Music at St Patrick’s College Drumcondra, 1875-2016
Edited By John Buckley and John O'Flynn
Since its foundation in 1875, the activities of St Patrick’s College Drumcondra and its graduates have been closely woven into the educational and cultural fabric of Irish society. This volume charts how music and music education have fulfilled a major role throughout the history of the Dublin-based establishment that began as a teacher training college and later evolved into a college of education and liberal arts. Graduates of St Patrick’s College have taught hundreds of thousands, if not millions of pupils across the country, have made significant contributions to various facets of professional and amateur music activity, and have had an invaluable influence on the wellbeing of individuals, the development of communities and the advancement of the nation as a whole.
The book records and interprets key musical developments, appraises the work of major contributors, and captures the activities of students, staff and visiting musicians at St Patrick’s College up to its incorporation into Dublin City University in 2016. It represents a major scholarly work that details the progress of music at a university college in Ireland, and it is envisaged that its varied chapters and themes will evoke further memories and discussions among graduates of the College and others.
Afterword: St Patrick’s College Music Department and its place in Irish musical life (Niall Doyle)
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Afterword: St Patrick’s College Music Department and its place in Irish musical life
‘Nostalgia isn’t what it used to be’ is a Peter de Vries quotation I’ve always liked enormously. At this remove, nostalgia is the warm emotion that first rushes in whenever I think of the three highly formative years I spent as a student in St Patrick’s College from 1978 to 1981. As I suspect it will for numerous former students, reading many of the chapters in this book has stimulated pleasurable reminiscence of great experiences, people and friendships. It has enhanced my appreciation of my own time there and the many seminal experiences it provided at such an important time in the life of any young person.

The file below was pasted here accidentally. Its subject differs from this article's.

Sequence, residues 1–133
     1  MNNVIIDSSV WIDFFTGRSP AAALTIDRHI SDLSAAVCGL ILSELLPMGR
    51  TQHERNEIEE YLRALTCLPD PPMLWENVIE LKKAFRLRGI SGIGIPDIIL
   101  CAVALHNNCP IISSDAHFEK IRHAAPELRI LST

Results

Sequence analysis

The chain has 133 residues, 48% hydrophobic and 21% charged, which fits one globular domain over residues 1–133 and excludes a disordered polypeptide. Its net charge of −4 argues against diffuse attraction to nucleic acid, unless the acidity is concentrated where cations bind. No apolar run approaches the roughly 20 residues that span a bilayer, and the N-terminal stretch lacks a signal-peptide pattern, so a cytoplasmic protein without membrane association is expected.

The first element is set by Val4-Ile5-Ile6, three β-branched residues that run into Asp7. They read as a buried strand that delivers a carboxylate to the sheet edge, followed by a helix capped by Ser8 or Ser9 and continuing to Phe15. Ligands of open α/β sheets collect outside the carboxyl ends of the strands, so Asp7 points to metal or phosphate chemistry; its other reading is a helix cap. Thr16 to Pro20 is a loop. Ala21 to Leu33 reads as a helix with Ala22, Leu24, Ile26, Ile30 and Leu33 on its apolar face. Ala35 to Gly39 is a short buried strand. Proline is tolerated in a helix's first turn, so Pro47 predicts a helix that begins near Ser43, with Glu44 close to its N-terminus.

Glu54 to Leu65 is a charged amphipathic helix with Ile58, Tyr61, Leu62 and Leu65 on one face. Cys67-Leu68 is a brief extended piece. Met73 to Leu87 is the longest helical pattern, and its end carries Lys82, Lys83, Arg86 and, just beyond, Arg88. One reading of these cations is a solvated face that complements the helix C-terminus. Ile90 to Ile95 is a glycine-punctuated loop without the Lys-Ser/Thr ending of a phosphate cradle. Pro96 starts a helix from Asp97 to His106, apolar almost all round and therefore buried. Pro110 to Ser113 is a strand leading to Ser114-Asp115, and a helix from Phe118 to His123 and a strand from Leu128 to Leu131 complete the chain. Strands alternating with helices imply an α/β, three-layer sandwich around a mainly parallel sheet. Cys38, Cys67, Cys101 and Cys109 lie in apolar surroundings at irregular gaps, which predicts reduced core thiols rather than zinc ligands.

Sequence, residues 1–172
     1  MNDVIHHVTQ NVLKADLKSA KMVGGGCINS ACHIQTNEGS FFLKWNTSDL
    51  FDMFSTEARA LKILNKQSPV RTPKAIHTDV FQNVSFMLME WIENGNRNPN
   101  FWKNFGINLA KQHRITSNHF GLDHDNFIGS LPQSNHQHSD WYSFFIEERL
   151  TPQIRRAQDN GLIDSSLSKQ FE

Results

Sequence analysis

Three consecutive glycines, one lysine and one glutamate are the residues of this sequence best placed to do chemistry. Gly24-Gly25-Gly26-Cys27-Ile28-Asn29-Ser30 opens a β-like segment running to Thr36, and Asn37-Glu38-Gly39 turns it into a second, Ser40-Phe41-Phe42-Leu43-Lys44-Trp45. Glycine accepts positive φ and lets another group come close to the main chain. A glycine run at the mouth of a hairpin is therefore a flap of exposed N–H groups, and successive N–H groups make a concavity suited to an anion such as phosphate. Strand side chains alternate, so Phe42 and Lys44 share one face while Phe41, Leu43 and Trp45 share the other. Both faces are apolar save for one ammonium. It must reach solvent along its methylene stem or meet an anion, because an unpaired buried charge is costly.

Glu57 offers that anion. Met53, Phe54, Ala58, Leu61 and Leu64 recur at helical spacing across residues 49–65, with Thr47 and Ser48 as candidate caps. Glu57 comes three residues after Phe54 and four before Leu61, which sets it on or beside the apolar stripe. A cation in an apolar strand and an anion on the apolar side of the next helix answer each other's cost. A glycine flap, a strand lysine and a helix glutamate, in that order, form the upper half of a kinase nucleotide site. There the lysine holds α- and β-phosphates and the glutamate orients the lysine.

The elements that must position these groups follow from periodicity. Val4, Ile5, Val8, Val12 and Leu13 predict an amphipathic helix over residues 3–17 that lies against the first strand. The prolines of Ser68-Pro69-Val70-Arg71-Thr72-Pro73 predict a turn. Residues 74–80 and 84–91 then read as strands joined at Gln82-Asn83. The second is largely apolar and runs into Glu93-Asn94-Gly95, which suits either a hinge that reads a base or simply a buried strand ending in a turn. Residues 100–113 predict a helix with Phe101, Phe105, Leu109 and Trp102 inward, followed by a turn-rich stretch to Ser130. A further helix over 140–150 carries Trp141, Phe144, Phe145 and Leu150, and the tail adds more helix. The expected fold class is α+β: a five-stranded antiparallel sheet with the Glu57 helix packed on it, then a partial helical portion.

This was perhaps predictable. Less predictable was that it has given me a new understanding of the history of the College in general and of the contribution of the music department in particular. Learning so much I did not know about music in St Patrick’s College has brought, through different, well-chosen lenses, a new understanding of the energetic musical idealism, activism and leadership there. It is clear that over generations this created the highly positive culture and powerful sense of mission that I experienced in the College and which are to be seen in the many developments since that time.
Using the nostalgic side of the ledger as a starting point, I’d like to briefly add...
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